This Is What It Looks Like When A New Apple Comes To Town

Apricot trees are removed to make way for Cosmic Crisp. Photo by Dan Charles, NPR.

Apricot trees are removed to make way for Cosmic Crisp. Photo by Dan Charles, NPR.

Apple growers in Washington state, who dominate American apple production, are starting to plant a new kind of apple. It's the fastest launch of a new variety in history.

These farmers have been looking for a new variety to grow. Older types of apples, like Red Delicious, have fallen out of favor among American consumers. So growers are ripping out old fruit trees — in this case, apricot trees — to make way for an apple variety called Cosmic Crisp. It's the most successful result so far of an apple breeding effort that Bruce Barritt began at Washington State University more than 20 years ago.

Bruce Baritt, retired apple breeder. Photo by Dan Charles, NPR.

Bruce Baritt, retired apple breeder. Photo by Dan Charles, NPR.

Barritt selected the tree called WA 38 — now branded as Cosmic Crisp — from among thousands of seedings that he created by cross-pollinating the blossoms of parent trees. Cosmic Crisp, he says, preserves its taste better than any other variety during months of storage. "Crispness, juiciness, acidity, sugar; all that combined just doesn't exist in any other variety," he says.

Cosmic Crisp was just released for commercial planting, and this spring, apple growers are planting all the trees that they can get their hands on. They've reportedly ordered 12 million Cosmic Crisp trees for planting over the next few years.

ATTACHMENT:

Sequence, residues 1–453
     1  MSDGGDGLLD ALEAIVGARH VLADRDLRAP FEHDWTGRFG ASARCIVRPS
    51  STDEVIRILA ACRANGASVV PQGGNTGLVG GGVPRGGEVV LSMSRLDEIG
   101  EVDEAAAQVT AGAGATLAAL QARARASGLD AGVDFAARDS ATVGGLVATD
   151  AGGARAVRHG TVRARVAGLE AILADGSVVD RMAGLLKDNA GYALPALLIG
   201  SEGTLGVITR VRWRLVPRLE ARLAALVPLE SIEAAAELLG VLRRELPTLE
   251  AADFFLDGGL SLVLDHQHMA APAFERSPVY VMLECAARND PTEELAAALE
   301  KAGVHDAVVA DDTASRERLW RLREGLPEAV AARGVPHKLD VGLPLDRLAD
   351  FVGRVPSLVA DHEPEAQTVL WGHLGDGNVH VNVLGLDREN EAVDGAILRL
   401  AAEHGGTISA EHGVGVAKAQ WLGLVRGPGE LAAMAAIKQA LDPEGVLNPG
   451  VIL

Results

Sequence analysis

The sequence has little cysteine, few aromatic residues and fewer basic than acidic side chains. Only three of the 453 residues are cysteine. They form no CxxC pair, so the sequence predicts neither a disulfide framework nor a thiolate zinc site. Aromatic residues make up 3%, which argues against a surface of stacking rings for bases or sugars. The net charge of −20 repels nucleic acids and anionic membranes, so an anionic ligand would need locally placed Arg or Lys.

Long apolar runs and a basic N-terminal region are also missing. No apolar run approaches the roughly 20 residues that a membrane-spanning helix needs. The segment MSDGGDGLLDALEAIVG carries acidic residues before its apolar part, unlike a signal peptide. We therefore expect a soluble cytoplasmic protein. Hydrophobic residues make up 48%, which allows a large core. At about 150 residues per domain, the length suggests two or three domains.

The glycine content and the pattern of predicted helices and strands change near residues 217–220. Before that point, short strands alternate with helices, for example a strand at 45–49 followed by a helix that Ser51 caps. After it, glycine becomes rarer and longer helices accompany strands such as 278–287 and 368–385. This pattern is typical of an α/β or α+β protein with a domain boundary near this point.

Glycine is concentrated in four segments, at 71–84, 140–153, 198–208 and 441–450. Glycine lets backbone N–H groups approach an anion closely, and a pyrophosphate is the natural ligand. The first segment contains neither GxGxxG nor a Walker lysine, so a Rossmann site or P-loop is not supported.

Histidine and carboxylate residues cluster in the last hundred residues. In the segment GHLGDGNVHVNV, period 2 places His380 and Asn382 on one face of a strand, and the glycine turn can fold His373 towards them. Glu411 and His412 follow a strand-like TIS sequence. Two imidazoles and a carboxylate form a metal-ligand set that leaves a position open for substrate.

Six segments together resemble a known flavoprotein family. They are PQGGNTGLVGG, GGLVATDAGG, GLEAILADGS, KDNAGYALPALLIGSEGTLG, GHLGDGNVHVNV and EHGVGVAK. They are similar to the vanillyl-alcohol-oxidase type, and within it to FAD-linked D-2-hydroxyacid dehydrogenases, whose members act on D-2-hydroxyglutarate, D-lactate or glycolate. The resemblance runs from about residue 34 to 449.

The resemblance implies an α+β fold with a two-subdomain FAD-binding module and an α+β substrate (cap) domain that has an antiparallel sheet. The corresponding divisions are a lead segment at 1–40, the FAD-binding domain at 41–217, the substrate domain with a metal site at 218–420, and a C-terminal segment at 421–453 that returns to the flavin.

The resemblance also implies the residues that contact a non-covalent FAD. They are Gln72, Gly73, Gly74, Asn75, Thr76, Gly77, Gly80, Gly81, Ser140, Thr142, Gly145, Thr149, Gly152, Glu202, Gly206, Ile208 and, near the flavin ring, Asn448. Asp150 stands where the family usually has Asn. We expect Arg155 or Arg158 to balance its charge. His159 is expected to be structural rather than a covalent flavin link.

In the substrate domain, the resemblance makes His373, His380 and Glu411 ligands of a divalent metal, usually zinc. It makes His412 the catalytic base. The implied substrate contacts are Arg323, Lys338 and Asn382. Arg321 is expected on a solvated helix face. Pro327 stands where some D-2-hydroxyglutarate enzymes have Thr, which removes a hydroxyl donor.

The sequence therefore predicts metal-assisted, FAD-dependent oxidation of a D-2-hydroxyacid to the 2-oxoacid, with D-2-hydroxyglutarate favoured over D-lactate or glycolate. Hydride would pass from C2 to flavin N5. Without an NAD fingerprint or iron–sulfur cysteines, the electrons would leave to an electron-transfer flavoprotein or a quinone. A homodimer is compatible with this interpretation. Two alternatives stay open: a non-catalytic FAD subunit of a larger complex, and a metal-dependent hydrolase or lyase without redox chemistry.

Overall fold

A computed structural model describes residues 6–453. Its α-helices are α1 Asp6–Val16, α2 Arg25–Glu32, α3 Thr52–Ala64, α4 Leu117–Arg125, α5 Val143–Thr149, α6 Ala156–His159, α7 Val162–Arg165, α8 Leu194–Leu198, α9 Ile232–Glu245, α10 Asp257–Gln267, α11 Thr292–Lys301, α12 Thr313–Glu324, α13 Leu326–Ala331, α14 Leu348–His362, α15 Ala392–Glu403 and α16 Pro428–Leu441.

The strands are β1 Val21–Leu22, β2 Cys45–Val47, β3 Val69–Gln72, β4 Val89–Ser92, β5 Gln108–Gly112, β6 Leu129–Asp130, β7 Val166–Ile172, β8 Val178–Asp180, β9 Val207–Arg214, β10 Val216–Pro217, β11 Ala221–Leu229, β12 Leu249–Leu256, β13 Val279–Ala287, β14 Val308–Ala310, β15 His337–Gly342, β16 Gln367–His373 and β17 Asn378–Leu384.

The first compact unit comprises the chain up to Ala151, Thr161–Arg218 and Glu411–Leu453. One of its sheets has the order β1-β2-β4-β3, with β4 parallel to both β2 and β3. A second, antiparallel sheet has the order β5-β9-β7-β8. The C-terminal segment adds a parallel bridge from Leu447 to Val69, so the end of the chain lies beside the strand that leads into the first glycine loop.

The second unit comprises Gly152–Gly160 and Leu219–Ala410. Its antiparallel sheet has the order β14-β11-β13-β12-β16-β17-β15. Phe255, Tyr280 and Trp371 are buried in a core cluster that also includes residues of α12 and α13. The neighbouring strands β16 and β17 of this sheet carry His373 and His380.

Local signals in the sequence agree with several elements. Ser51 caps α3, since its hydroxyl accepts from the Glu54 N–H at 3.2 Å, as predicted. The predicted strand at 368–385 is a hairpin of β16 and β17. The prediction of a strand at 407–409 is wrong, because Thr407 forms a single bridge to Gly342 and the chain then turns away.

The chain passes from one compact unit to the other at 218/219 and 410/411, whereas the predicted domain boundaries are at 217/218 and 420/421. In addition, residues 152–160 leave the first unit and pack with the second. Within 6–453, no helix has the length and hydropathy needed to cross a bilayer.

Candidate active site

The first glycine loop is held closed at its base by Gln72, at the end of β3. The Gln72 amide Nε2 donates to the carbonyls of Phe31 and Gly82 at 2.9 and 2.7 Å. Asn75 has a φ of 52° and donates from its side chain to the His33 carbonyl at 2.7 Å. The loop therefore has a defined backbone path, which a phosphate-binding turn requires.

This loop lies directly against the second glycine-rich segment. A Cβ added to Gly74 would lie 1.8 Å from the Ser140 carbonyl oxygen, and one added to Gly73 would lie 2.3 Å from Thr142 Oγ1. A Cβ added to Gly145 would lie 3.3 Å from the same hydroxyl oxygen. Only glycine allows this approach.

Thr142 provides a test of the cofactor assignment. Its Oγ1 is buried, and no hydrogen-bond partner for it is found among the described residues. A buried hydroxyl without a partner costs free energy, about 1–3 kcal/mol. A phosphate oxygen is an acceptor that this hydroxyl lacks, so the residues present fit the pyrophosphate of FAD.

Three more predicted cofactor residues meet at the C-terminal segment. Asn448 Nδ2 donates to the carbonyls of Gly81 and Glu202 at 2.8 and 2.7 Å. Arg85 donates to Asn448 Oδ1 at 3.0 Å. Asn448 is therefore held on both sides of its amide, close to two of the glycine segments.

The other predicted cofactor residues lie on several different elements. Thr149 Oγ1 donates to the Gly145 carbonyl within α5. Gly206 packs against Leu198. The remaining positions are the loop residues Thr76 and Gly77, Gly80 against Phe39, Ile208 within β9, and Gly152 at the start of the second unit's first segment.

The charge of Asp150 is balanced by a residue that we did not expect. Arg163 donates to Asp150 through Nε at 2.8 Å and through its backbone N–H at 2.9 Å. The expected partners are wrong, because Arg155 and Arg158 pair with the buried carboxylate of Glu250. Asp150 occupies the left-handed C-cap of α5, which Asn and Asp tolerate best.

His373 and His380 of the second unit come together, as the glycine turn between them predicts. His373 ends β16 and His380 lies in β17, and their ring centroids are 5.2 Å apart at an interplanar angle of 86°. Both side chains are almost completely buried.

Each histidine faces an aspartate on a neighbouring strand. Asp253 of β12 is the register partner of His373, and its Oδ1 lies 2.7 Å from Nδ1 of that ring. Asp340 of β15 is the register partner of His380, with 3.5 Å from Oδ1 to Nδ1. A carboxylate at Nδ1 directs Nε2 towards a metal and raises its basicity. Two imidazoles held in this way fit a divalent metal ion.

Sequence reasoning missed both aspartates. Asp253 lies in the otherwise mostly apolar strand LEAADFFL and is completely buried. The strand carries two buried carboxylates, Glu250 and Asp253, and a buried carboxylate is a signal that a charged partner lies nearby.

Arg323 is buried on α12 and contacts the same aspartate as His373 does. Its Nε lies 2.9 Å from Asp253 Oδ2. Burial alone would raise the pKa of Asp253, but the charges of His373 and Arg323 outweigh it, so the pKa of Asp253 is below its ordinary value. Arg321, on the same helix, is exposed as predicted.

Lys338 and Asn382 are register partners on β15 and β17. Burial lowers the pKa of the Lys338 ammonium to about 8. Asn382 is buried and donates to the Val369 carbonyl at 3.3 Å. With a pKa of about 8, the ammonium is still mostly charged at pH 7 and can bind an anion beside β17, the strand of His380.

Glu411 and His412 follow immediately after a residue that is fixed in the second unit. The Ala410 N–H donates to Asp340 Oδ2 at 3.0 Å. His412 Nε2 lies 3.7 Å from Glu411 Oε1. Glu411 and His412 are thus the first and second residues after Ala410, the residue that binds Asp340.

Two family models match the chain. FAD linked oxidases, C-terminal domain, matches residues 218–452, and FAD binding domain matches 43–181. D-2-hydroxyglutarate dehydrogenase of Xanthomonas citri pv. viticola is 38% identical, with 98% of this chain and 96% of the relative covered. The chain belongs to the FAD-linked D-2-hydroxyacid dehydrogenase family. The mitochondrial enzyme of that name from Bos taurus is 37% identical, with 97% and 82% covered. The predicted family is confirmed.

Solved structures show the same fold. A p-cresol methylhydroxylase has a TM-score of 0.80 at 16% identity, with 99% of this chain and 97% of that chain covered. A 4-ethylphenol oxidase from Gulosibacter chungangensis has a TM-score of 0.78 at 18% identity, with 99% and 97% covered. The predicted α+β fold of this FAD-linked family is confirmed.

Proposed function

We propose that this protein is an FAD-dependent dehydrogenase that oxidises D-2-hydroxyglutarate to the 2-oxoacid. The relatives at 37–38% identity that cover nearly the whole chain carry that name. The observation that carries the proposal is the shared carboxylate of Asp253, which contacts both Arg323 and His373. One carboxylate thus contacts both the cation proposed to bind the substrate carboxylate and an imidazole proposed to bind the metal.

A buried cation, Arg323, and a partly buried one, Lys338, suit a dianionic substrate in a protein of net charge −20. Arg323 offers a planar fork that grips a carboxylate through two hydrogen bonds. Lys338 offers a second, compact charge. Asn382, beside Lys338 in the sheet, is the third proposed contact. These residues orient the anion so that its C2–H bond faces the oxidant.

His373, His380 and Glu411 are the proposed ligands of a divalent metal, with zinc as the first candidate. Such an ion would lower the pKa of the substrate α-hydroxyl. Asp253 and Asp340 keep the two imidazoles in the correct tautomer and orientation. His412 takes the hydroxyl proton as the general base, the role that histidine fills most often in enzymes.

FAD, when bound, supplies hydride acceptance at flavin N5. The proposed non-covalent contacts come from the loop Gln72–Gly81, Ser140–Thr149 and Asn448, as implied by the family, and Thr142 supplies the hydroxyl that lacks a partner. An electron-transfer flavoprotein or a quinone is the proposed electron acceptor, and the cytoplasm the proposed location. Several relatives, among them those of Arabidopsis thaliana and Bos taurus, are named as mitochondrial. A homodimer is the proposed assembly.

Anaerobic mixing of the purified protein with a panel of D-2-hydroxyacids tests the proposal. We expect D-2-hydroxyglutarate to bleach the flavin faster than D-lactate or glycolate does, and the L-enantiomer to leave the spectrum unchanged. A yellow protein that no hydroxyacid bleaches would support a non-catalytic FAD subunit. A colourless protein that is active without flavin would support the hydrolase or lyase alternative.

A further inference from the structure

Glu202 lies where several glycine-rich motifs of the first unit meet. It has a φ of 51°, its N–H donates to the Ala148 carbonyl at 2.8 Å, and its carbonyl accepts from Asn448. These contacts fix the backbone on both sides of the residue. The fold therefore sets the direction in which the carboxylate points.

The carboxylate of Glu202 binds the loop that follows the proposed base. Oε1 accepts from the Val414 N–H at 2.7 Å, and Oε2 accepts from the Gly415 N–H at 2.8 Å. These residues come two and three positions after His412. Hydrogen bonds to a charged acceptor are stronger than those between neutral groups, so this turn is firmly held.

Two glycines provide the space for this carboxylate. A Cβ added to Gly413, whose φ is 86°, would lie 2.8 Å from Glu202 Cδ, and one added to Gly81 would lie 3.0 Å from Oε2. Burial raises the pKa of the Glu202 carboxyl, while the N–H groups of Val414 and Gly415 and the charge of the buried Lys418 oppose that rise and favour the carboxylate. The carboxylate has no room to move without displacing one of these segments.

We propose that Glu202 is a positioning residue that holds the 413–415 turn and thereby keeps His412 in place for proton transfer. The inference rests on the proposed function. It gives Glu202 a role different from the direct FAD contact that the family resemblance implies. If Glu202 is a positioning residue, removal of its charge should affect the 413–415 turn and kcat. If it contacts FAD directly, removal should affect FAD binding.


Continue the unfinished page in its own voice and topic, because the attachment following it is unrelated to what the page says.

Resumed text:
Workers and freshly planted Cosmic Crisp trees in an orchard owned by McDougall and Sons, near Wenatchee, WA. Photo by Dan Charles, NPR.

Workers and freshly planted Cosmic Crisp trees in an orchard owned by McDougall and Sons, near Wenatchee, WA. Photo by Dan Charles, NPR.

Replanting can cost more than $50,000 per acre. Farmers say that they'll need premium prices for these apples in order to recoup that investment. If Cosmic Crisp apples sell only for the same price as, say, Gala apples, "it'll be a wreck," says farmer Jan Luebber. So these new plantings are a big gamble for apple growers.

The Cosmic Crisp mother tree. Photo by Dan Charles, NPR.

The Cosmic Crisp mother tree. Photo by Dan Charles, NPR.

Every Cosmic Crisp tree is derived from this original "mother tree," which still stands where it was planted 20 years ago, in a research orchard managed by Washington State University. It's been reproduced through old-fashioned cloning techniques, grafting buds from one tree onto existing apple tree roots. Those buds grow into copies of the original tree.

Tree nurseries like Willow Drive Nursery, in the town of Ephrata, Wash., play a key role in the Cosmic Crisp launch. They reproduce these trees on a massive scale, growing new trees from each bud that forms on existing trees in their "mother orchard." Each fall, nurseries dig up these small trees and move them into cold storage, ready for planting in orchards the following spring.

Cosmic Crisp trees ready for planting at Willow Drive Nursery in Ephrata, WA. Photo by Dan Charles, NPR.

Cosmic Crisp trees ready for planting at Willow Drive Nursery in Ephrata, WA. Photo by Dan Charles, NPR.

The first Cosmic Crisp apples will be available for sale in the fall of 2019. Within a few years, Washington's apple growers may know whether they bet they've placed on this new variety will pay off.

Apples put out for taste tests are (from left): Honeycrisp, Jazz, Gala, Red Delicious, and Cosmic Crisp. Photo by Dan Charles, NPR.

Apples put out for taste tests are (from left): Honeycrisp, Jazz, Gala, Red Delicious, and Cosmic Crisp. Photo by Dan Charles, NPR.

Article by Dan Charles, Northwest Public Radio